Keeping Your Head When the Office is in Chaos

Chaozinoffice_october2011_web If you work, you’ve likely felt work related stress. Studies have shown that more than three-fourths of the U.S. workforce is stressed out by at least one thing at their jobs, with it hitting home within the youngest of American workers. Even with the higher levels of pressure, something can happen at work that is even scarier than the known stresses or piled-up paper, and it can happen at any time.

It’s when order and structure fly out the window, and chaos and confusion reign supreme. It can be something as little as an influx of business to something as big as a full-blown crisis and, while it may not always take a crisis, several things can happen to make it feel like pandemonium at work.

Whether you’re in an office or in the field, chaos can rear its ugly head. But, as long as you keep your composure and a level head, you can work through any situation and learn how to avoid it next time. Here are three tips to help you keep your cool when there’s chaos in the office.

When You Want to React, Don’t.

When you receive an email or hear something that makes you want to respond, don’t. Write down what is making you stressed. If you have to, use word processing software, but avoid email or something transmittable. Then write down potential solutions to those items. Do you have control over any of those solutions? If so, work on them; if not, let it go. Then evaluate what your response will be. Processing your thoughts before engaging in confrontation will help you avert any escalation and keep the situation under control.

Stick With Strategy.

Most companies have strategies developed to achieve their goals, but nobody can plan for everything. Nineteenth century military strategist Helmuth von Moltke is best known for his quote, “No plan survives first contact with the enemy.” When chaos hits the office, it’s important to change and adapt your plans to the unexpected situation. The important thing is to have a plan. The storm will be much worse and last longer if you drop your strategy and become reactive to whatever is going on.

Find Some Personal Time.

When work gets crazy, especially during a crisis, it may require a lot of on the spot decision making. Sometimes, the best thing to do when things get too intense at work is to escape for a little bit and recharge. You don’t have to go as far as to take a whole day off from work, but there are little things you can do throughout the day to collect yourself. Take a few deep breaths. It's amazing how many people hold their breath when they’re upset. Fresh air in your lungs sends oxygen to your heart and brain and acts as a calming agent.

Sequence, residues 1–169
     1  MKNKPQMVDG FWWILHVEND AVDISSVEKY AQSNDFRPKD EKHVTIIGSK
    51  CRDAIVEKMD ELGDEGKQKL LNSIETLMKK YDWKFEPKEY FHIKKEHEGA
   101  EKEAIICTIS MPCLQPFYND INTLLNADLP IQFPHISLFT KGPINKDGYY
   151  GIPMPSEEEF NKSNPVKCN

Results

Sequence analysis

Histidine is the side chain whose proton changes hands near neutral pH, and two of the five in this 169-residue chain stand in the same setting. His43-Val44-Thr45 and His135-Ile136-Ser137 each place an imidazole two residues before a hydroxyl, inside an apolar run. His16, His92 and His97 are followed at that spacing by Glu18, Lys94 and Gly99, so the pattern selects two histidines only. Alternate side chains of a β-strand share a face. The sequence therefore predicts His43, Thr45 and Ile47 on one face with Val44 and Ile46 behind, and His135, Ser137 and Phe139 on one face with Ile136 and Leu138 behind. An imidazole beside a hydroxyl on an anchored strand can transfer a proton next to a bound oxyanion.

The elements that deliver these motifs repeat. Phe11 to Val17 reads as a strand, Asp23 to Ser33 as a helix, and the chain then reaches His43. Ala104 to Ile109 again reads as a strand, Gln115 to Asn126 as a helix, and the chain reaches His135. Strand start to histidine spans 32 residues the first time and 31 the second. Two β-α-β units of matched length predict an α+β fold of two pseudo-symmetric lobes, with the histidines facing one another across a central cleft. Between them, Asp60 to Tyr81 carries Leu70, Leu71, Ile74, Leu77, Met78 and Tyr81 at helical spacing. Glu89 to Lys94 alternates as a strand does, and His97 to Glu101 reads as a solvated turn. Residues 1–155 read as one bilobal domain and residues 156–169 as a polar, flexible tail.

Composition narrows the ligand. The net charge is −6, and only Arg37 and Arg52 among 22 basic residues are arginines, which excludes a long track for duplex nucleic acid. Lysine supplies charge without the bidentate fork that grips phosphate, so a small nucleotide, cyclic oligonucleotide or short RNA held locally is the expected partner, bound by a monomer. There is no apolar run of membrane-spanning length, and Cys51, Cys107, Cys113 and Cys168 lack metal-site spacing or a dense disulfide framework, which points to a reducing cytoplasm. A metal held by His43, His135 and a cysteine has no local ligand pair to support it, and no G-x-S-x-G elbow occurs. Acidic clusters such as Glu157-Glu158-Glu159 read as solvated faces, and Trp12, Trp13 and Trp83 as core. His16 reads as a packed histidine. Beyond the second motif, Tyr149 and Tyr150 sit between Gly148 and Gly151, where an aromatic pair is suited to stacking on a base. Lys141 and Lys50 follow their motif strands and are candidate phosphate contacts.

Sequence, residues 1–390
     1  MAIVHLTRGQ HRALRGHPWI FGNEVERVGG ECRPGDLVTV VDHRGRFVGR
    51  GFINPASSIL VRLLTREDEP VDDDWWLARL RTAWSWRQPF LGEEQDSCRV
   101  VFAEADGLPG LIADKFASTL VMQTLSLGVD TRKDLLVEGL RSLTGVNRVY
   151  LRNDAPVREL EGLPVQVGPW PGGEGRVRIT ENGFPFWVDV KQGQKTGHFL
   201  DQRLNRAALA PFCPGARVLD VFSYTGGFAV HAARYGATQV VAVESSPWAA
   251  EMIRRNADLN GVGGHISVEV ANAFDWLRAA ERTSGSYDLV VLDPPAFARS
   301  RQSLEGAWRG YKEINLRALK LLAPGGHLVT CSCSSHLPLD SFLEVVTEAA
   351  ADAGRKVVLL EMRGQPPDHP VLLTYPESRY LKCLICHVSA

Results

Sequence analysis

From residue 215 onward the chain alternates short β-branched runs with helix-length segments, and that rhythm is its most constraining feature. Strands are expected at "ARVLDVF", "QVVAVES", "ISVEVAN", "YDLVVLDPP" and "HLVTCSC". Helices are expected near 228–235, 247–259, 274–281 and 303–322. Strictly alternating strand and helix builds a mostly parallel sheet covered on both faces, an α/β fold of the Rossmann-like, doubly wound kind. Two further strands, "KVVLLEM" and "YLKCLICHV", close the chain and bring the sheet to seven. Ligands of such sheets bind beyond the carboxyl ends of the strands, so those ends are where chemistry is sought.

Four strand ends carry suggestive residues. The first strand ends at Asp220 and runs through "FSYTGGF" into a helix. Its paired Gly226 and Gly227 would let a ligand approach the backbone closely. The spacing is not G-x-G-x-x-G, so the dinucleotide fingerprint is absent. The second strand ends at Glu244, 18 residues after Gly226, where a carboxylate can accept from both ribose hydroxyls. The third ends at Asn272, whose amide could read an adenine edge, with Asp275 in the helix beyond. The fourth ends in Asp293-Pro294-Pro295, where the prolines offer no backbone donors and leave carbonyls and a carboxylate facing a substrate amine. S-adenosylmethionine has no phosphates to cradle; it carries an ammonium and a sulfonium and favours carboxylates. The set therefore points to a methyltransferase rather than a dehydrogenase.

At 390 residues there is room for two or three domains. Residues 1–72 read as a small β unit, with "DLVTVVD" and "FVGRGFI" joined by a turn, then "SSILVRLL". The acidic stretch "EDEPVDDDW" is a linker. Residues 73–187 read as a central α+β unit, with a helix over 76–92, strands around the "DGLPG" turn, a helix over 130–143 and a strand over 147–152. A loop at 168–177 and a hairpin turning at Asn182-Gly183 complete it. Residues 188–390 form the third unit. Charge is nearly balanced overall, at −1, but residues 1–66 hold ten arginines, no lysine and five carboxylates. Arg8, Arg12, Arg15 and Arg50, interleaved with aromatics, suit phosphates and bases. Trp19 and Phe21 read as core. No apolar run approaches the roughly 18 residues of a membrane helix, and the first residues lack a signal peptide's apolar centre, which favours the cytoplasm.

Believe it or not, counting to 10 actually works. Just slowly count and, with each number, remind yourself that by getting upset you're only hurting yourself.  If possible, take a 10-minute break and go outside once or twice to enjoy the little things in life. Sun exposure provides vitamins and can help your positive attitude.

No matter how much pressure, tension, and urgency comes crashing into the work place, keeping your cool, remaining focused, and staying calm will always give you an advantage. President Thomas Jefferson once said, "Nothing gives one person so much advantage over another as to remain cool and unruffled under all circumstances."

If you have experienced chaos in the workplace, what did you do to cope with the stress and keep your cool?

 

By Jared Cole

Comments

  1. Jane Burdick

    My sister works as a project manager, and several other job titles that causes her to work in an office, when people around her are wigging because of work mishaps she always goes back to…look this isn’t life or death. She picks that phrase because my work literally is life and death…I work as an ICU nurse. She frequently has a bit of a laugh at what co-workers
    get bent out of shape about.

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